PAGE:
Empty mall space is being quickly converted into makeshift distribution centers used for package pickup and drop-off of items purchased online, write Esther Fund and Jennifer Smith in the WSJ. Added to that are online sellers opening physical stores, either via short-term leases or long-term deals such as Amazon's upcoming move into NYC's Time-Warner Center.
“We don’t view [online retailing] as the enemy, we view it as another distribution channel,” says CBL & Associates (NYSE:CBL) CEO Stephen Lebovitz.
Consider startup Happy Returns, which accepts in-person returns from participating online retailers at six malls in California, Chicago, and Virginia. It plans to build a national network, including spots in open-air shopping centers, high-end grocery stores, and coffee shops.
Then there's the growing presence of Amazon Lockers, and Washington Prime Group (NYSE:WPG) late last year began rolling those out in 50 of its shopping centers.
While this trend could be a boost to struggling mall operators it doesn't change the fact that there are "clearly too many malls" in the country and hundreds are likely to close or become irrelevant over the coming decade, says Andy McCulloch of Green Street Advisors.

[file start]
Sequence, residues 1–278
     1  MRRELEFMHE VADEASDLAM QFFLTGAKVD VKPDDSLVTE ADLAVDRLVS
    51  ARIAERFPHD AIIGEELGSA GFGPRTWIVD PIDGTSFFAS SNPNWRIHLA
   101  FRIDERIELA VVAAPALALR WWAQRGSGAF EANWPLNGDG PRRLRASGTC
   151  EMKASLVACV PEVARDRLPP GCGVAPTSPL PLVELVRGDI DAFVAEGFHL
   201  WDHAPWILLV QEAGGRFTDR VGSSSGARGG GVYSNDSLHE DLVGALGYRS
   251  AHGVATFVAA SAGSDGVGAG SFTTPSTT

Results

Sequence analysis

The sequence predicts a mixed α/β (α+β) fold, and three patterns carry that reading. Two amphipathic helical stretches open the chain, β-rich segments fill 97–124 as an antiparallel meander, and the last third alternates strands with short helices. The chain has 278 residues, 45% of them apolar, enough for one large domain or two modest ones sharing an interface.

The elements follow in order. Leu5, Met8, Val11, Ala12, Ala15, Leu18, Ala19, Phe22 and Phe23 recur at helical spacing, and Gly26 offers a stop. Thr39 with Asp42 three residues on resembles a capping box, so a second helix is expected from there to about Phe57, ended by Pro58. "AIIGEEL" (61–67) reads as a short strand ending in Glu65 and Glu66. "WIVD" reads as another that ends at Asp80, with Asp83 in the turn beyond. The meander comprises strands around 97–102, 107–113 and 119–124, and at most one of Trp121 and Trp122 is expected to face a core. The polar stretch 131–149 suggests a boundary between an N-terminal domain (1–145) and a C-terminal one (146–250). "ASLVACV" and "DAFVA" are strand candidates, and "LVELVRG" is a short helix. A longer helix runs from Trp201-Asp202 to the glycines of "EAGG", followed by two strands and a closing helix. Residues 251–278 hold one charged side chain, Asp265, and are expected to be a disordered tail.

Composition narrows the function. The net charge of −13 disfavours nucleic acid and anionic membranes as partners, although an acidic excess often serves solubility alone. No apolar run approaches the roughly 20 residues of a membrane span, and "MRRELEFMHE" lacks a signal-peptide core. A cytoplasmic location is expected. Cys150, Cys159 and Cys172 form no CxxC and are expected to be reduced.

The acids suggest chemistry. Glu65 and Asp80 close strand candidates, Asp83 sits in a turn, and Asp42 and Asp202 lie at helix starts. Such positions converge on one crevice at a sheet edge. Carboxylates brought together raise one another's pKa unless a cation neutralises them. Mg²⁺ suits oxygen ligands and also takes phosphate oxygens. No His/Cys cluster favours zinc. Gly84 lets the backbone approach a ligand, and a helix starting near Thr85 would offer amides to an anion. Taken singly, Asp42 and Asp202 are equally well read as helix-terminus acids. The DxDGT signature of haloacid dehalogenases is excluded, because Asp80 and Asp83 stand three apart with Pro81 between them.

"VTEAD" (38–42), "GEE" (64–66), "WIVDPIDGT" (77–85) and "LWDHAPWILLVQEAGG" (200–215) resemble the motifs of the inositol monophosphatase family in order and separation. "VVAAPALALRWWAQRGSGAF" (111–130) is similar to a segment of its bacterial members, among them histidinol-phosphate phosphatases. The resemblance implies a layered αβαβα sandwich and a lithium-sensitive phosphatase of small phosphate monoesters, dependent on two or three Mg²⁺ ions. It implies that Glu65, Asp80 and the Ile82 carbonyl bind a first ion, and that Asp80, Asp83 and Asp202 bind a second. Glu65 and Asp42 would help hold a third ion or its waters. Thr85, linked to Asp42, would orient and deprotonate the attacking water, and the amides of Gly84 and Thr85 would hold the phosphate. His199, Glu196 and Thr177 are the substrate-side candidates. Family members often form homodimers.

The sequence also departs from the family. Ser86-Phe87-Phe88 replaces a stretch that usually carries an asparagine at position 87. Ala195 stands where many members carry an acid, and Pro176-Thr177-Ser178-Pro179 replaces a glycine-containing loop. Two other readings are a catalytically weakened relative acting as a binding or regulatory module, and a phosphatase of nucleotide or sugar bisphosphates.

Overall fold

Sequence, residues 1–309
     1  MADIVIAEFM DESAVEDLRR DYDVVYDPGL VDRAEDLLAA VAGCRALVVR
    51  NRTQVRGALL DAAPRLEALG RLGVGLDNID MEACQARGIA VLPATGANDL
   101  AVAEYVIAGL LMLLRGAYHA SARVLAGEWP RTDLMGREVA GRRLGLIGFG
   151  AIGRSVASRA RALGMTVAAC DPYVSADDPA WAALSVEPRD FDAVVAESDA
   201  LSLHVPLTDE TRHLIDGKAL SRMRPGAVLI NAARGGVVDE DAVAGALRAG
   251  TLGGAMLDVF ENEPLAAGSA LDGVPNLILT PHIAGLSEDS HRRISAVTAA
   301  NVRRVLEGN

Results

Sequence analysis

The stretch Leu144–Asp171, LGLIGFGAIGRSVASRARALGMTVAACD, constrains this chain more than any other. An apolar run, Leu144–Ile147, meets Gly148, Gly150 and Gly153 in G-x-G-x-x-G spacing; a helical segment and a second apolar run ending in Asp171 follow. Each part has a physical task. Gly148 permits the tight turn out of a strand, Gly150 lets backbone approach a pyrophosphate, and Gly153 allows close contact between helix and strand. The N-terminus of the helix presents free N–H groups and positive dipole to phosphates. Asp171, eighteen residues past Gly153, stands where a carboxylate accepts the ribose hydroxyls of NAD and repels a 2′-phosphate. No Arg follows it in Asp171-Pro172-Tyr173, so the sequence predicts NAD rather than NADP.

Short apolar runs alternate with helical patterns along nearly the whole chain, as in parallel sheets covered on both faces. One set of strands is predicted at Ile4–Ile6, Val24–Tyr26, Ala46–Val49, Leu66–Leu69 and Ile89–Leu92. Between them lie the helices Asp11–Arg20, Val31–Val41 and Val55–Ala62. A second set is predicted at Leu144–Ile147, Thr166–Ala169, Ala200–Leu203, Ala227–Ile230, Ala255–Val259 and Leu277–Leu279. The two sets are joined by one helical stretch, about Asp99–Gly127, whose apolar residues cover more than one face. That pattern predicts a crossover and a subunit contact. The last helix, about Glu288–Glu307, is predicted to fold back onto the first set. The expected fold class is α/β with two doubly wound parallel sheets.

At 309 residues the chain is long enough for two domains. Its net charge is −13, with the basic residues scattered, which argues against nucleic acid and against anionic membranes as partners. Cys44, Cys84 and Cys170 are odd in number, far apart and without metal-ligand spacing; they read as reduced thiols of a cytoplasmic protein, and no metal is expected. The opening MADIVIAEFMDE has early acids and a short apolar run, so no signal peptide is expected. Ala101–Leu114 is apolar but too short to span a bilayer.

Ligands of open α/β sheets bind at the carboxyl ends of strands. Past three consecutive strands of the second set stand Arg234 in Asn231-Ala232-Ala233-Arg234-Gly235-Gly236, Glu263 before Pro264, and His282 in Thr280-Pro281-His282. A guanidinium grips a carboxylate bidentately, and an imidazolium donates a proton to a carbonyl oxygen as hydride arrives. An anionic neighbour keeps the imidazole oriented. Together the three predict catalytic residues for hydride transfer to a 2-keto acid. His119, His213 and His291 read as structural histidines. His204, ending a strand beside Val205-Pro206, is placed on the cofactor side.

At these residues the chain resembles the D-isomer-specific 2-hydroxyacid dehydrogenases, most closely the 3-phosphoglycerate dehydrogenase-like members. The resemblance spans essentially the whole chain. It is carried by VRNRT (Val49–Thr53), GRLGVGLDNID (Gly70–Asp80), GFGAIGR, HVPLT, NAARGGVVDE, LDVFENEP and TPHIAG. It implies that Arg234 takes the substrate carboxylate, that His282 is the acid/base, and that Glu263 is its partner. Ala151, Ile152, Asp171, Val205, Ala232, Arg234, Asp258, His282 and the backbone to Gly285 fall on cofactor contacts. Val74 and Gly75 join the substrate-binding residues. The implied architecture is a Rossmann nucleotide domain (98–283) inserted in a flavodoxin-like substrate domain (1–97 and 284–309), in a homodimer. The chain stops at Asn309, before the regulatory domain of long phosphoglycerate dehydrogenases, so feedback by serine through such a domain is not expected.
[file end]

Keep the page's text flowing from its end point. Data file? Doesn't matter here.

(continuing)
Skipping neutral, Jefferies analyst Omotayo Okusanya lifts his view of the sector to positive from negative thanks to the potential for better economic growth under the incoming administration.
Tanger Factory (SKT +2.6%) is lifted to Buy from Hold, and Simon Property (SPG +0.3%) and CBL (CBL +2.2%) are named as top picks.
He calls the holiday shopping season "solid," and sees a potentially improved retail sales environment this year, with store closings moderating. Sears, though, is the "wild card," given its potential bankruptcy.
High Pointe Commons is a 355K square-foot community center anchored by Target and J.C. Penney. Total consideration to the owning partnership was $33.8M, from which loans securing the asset of $17.4M were paid off.
CBL's share of what's left will go to pay down company debt.
CBL yesterday afternoon received a letter from the SEC saying the agency has concluded its investigation into four specific loans taken out by the company, and has no plans to recommend any enforcement action.